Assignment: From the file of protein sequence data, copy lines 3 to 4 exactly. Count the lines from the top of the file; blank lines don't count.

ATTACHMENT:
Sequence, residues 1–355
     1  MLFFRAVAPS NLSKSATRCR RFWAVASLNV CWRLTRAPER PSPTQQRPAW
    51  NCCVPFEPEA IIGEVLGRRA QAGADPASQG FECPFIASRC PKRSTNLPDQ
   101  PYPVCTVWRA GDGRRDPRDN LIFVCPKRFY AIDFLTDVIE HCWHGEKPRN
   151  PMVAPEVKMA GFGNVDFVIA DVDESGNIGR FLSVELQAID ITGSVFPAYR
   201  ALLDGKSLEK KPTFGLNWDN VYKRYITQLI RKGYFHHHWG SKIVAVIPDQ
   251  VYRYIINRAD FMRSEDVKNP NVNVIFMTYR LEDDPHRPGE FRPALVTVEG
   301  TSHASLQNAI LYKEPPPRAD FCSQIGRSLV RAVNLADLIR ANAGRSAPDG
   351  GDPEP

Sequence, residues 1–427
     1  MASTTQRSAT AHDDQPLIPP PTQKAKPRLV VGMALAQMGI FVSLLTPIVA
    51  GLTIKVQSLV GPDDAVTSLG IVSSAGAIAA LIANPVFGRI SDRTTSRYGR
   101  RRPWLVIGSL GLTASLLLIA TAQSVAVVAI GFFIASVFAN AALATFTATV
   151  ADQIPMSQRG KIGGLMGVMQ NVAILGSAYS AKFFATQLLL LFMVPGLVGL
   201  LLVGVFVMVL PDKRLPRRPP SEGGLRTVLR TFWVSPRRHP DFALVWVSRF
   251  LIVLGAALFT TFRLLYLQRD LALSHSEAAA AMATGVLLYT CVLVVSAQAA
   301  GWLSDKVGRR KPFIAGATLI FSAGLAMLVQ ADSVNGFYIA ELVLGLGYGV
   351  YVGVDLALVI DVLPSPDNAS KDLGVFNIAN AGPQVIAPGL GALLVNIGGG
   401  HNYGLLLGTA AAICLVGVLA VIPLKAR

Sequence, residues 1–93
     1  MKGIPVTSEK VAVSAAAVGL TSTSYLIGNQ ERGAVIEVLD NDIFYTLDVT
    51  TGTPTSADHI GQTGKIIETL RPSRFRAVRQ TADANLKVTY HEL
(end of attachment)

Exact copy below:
    51  NCCVPFEPEA IIGEVLGRRA QAGADPASQG FECPFIASRC PKRSTNLPDQ
   101  PYPVCTVWRA GDGRRDPRDN LIFVCPKRFY AIDFLTDVIE HCWHGEKPRN